They came on three 3s. The first late in the third quarter, after the Knicks had cut into the Pistons’ comfortable lead, not long after he’d been subbed back in the game to quell New York’s momentum.
The shot came after a between-the-legs crossover and left-handed in-and-out dribble. A quick-hitting double move meant to create space. It worked. And after a flick of the wrist and a snap through the net, Cunningham settled his team.
The last two 3-pointers came in the fourth, again after the Knicks made a run. And while it is easy to say it’s only a Summer League game, Cunningham made similar shots at Oklahoma State.
Here’s how he explained his sense of the moment:
“Any time the game is close or kind of in crunch time, I kind of feel like a magnet from my hands to the ball. I want the ball in my hands. My teammates trust me ... I’ve been playing for a long time and whenever it gets to those times I kind of feel it.”
But, wait, there’s more:
“(I) just want to be an outlet for my team. I want to be trusted. You have to be brave in those times. You've got to have some (guts), (to) step up and go get the ball. I was up for the challenge.”
If that sounds like he thinks a lot of himself, he does. But his words didn’t sound like bragging. In fact, they sound grounded, humble even. It’s why, less than two weeks into summer ball, he’s the magnet for the team.
“He's a great young leader,” said Saddiq Bey, who is only 22 himself. “It’s natural. He doesn’t force it. It's great to be around.”
Again, it’s great to be around in part because he can hit 3-pointers off the bounce when the game gets tight. At least he can now.
It’s also great to be around because he doesn’t force shots. And because for a player who’s got the ball in his hands often, he makes his teammates feel like he doesn’t. Like he’s sharing it. Which he is.
Sometimes we use the term playmaker to describe someone who doesn’t score. Or is reluctant to score. Or as a euphemism for a player who isn’t an elite athlete — relative to the NBA, of course.
And maybe this description colored your opinion of Cunningham’s trajectory. It probably didn’t help that some analysts like to talk about his “floor” more than other top prospects. As in: he’s safe.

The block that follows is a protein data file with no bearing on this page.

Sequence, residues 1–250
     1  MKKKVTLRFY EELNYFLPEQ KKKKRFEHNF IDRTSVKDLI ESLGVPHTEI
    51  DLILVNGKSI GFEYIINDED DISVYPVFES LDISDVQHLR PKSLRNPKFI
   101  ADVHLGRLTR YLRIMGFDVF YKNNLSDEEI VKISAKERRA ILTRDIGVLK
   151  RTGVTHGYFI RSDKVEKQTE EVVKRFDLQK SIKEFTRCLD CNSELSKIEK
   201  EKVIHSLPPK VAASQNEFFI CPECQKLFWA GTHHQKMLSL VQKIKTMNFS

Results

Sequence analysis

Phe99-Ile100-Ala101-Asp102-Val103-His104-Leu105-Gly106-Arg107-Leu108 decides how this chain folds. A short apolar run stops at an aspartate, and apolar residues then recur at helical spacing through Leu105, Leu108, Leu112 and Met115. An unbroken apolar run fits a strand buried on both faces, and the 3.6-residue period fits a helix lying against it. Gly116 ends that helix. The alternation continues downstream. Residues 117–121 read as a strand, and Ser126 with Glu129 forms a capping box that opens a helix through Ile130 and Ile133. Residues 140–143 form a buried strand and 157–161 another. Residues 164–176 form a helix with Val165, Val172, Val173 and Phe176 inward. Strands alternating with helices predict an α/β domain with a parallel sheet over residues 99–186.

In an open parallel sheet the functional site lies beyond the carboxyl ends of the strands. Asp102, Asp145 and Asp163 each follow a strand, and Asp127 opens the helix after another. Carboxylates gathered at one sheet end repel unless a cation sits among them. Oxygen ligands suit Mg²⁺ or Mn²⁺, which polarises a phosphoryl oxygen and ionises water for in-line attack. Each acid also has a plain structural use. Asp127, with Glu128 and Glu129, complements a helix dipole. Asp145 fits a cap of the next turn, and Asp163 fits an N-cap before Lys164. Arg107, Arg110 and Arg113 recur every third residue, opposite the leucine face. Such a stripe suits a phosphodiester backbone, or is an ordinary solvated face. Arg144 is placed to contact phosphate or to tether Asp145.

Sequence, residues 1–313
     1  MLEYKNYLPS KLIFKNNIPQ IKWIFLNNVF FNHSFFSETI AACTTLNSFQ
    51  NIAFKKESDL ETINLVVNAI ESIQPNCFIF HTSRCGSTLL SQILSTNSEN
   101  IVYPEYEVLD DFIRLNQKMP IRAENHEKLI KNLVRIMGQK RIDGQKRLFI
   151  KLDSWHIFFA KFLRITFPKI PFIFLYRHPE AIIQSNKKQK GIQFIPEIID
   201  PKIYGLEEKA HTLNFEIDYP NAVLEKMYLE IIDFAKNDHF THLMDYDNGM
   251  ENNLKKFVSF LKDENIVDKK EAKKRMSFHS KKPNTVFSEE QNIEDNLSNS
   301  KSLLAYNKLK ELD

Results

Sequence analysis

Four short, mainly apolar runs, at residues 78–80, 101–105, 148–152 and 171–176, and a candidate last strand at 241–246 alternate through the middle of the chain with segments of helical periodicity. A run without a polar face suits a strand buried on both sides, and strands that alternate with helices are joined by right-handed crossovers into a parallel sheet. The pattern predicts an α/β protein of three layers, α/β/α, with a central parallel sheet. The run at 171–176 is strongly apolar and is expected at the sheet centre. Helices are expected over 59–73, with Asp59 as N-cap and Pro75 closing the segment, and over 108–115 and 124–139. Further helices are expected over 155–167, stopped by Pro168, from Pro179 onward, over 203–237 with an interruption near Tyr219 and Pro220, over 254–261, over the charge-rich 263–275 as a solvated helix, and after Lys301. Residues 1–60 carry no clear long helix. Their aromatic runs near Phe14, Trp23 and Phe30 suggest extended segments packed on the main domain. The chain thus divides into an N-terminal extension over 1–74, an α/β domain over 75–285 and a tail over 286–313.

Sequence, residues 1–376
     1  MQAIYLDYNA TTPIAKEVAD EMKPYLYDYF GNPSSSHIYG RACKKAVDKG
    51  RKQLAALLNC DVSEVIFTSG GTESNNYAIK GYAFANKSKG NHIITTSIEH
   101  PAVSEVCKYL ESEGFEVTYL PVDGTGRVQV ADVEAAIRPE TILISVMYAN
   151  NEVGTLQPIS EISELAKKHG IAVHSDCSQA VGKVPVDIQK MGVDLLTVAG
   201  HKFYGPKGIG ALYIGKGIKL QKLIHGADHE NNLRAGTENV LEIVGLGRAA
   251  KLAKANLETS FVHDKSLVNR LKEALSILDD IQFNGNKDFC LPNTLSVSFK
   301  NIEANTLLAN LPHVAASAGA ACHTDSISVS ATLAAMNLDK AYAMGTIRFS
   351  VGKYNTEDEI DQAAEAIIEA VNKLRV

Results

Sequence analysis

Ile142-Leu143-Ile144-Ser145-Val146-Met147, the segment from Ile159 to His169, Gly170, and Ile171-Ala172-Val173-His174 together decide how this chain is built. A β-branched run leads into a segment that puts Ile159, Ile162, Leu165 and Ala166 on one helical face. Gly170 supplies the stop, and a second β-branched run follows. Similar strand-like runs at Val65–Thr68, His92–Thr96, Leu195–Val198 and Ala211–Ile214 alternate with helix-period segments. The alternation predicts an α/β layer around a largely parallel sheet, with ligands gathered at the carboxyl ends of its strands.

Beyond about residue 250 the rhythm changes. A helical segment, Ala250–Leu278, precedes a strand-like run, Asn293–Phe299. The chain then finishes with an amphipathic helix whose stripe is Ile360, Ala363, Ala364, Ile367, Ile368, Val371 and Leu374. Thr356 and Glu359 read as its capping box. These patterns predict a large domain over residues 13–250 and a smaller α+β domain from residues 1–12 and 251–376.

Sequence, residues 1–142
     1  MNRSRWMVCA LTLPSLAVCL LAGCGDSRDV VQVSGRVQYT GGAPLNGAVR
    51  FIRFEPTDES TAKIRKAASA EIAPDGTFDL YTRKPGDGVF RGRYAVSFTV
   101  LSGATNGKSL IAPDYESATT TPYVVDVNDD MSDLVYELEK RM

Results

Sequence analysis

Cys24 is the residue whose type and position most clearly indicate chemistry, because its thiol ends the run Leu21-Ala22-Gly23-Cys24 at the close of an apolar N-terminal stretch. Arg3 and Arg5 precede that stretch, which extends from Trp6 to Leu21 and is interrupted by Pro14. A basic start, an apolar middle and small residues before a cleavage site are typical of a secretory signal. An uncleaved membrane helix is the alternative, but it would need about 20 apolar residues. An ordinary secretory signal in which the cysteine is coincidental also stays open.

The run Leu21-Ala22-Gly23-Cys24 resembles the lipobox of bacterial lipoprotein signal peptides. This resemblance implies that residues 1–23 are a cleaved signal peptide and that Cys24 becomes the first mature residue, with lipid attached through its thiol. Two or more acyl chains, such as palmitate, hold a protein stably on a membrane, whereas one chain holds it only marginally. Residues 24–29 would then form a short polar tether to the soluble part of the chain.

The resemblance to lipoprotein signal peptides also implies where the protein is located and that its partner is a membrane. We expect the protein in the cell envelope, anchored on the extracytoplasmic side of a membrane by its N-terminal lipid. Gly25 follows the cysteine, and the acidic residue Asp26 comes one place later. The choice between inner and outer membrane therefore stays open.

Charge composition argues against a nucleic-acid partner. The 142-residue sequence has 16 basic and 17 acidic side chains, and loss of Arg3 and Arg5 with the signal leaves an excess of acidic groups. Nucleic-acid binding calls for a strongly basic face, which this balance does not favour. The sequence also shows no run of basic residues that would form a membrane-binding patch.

You didn’t want safe. The Pistons don’t want safe, either. They took Cunningham because they think he can be a transcendent player.
The kind of player who huddles his teammates and directs them days after he’s met them, who can put a defender on his back, slow down, keep his dribble, and bend the geometry of the court. As he did against the Knicks early in the game, which led to a Killian Hayes 3-pointer.
The kind of player who can rebound, defend on and off the ball, create space for himself and others, and shoot, especially in the tense moments, but, just as importantly, understands when those moments arise.
That he does at 19 is partly why he was taken with the first pick. That he thrives in those moments is a reason, too.
On Friday night, Cunningham showed calm when the Knicks swarmed. He showed a shot as sweet as a winning hand. He showed a showman’s sense for the stage, even if he thought it was “surreal” that he was here, playing in the NBA. And he showed he knows how to conduct, a trait he learned from his dad, who coaches football, a sport where communication is everything.
“It's all about adjusting,” he said. “(You’re) playing against the best athletes. Have to be sharp with your decisions. … Those are things I’m gonna pick up as I get more comfortable in the league.”
Then imagine where he already is, dismissing the harangue of an impassioned Knicks fan as easily as he’s dismissed defenders closing out. The possibilities are endless.